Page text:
Rating: 5 stars
“And for those who bear the brunt of hate because of the color of your skin or the sound of your name, for those who are spat upon, for those who are told to “go home,” when you are home: you are known. You are loved. You are enough. Let your light shine. I wrote this book for you.”
– Samira Ahmed
Love, Hate & other Filters follows the story of a 17-year-old Indian- Muslim girl, Maya who is currently residing in America with her parents. She dreams to go to NYU to major in film studies. Her parents, however, are of different opinion. They don’t want her to go far off and wants her to attend a college in Chicago, become a lawyer and marry a ‘suitable’ boy. She succeeds in convincing her parents to attend NYU until a terrorist attack at the Federal Building in Springfield which alters her life completely. She shares the same name as the suspected terrorist for which she is harassed at school more than once. Even mob attacks his father at his clinic.
It is a beautiful tale of a young girl finding courage and strength to stand up for herself and make a choice between attending community college and going to NYU after the terrorist attack.
In the end, we saw Maya at NYU looking forward to meeting her parents on Thanksgiving at her aunt Hina’s house. The story ends with the following lines which I found to be the most beautiful end I’ve ever read.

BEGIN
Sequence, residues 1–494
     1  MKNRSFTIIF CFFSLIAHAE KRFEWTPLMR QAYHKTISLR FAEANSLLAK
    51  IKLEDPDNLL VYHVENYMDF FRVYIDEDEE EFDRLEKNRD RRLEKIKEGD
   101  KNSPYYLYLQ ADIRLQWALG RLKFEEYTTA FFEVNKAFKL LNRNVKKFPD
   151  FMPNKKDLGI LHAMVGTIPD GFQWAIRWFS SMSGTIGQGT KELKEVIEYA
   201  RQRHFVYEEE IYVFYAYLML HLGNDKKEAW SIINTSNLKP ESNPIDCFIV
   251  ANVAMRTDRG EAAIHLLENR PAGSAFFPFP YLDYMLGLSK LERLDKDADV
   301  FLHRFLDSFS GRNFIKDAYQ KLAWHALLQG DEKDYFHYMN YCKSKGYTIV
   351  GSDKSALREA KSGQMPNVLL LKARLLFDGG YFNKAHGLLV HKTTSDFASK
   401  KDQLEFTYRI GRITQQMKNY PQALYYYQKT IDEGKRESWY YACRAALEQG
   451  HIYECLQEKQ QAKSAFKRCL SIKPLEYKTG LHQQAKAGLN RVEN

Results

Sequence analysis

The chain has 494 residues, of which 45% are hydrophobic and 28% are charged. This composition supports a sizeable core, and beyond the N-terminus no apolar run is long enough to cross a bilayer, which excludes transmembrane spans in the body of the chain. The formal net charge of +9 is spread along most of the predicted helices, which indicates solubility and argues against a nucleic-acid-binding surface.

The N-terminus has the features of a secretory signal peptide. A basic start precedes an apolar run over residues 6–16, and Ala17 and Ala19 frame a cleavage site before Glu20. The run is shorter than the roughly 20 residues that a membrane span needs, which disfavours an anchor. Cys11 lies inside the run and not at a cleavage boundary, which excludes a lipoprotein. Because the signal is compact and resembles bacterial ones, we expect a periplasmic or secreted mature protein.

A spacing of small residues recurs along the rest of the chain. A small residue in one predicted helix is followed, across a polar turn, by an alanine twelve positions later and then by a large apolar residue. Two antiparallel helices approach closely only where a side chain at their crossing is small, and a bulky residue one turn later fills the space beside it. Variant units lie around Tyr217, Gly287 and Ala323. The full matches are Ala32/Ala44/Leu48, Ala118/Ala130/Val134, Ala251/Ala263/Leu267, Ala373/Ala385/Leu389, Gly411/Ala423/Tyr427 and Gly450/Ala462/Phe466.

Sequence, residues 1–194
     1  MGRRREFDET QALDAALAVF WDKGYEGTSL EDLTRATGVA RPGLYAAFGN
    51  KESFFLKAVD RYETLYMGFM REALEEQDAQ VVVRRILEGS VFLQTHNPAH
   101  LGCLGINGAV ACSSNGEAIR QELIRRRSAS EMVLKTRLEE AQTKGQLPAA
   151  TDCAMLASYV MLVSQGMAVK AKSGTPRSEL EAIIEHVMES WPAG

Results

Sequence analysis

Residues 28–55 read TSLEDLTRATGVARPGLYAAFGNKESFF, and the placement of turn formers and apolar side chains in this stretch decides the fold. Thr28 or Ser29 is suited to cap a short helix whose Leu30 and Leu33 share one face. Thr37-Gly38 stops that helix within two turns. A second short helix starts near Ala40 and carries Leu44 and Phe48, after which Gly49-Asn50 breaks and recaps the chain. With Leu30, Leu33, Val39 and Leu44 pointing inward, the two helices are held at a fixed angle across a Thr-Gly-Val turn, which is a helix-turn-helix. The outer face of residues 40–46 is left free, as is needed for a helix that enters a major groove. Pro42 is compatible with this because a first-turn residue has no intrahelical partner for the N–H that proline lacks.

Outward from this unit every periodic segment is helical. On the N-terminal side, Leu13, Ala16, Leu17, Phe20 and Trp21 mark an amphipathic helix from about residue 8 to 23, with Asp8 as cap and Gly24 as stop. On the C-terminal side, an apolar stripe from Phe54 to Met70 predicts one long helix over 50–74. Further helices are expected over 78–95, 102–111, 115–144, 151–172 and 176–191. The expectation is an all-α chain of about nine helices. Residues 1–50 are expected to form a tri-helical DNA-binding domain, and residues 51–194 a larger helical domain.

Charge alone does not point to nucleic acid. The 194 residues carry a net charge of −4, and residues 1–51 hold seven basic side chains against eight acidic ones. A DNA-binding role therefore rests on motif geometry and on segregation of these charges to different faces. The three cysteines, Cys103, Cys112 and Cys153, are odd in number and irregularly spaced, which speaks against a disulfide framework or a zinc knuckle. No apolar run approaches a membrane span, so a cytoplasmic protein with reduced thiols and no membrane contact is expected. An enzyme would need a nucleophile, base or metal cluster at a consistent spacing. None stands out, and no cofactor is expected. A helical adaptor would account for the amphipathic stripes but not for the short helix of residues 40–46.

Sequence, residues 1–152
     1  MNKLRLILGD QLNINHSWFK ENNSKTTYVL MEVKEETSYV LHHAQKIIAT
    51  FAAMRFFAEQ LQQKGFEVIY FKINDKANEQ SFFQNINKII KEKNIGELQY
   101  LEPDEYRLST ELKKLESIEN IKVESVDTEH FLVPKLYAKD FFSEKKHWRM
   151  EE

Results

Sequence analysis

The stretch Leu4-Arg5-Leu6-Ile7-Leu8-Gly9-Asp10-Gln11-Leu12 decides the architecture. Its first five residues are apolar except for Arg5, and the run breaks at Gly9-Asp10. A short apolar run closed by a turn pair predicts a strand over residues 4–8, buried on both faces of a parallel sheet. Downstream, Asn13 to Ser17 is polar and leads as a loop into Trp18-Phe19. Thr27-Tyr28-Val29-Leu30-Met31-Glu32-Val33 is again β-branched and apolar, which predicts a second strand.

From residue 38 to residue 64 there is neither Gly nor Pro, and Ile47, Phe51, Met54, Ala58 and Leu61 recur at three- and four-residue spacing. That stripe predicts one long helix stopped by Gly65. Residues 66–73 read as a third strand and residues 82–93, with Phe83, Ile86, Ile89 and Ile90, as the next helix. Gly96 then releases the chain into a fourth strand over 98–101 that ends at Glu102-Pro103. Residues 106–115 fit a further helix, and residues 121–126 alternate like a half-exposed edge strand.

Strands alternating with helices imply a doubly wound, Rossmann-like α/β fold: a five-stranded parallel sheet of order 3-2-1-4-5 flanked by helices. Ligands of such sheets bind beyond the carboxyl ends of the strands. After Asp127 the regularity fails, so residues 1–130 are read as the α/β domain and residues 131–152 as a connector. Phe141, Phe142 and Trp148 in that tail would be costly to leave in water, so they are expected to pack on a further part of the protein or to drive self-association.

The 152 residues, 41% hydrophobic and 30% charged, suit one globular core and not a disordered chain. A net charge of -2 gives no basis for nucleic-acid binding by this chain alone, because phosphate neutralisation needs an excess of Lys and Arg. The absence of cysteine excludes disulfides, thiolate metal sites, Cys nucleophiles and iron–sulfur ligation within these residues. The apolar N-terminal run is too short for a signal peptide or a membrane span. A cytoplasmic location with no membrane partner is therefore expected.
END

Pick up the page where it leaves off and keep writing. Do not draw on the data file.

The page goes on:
“The sky darkens as people brush by the girl. Her green scarf flutters on the screen as the over-cranked motion eventually slows around her. She turns to smile at the camera overhead, the vibrant resonance of new York swelling, as the edges of the frame fade to black.”
I loved almost every character, especially Hina and Maya’s friends violet, Kareem and Phil. They help her go through a difficult phase of her life. The book is written in a simple and less detailed style which is beautiful in its own way. I feel the best thing about contemporaries is that it doesn’t need a detailed world building. It should only deliver the message and impact lives.
“As we walk down the hall, I have the distinct sense that we’re leaving a tiny, crumbling world behind us. We step outside into the brash light of another world I can’t possibly understand.”
The entire community shouldn’t be blamed for the acts of few. Finding ways to fight terrorism must be given more consideration rather than finding ways to blame a community.
I would also like to mention a point I read in a review. Kareem drinking wine and Maya freaking over it isn’t a big deal. It is unusual for Muslims to drink alcohol.
I loved everything about this book, from the plot to characters and the writing. Being an Indian-Muslim the story and characters reflected beautifully on me and I found myself in it. The topic of Islamophobia, its cause and effect is vivid and not exaggerated. In this world of growing terrorism, Muslims are the first target whether guilty or not. Hence it was brilliant Samira Ahmed for to come up with so important topic of discussion for youths.
This is a very important book in the world of growing terrorism, Islamophobia and political tension and everyone should read it. I loved the book and I’m looking forward to reading more of her books.
“We must build bridges, conquer hate with love, and meet intolerance with a renewed commitment to education and open-mindedness. From many, we are one.”
Do let me know your thoughts in the comments below. And if you have a review of it on your site, feel free to leave a link.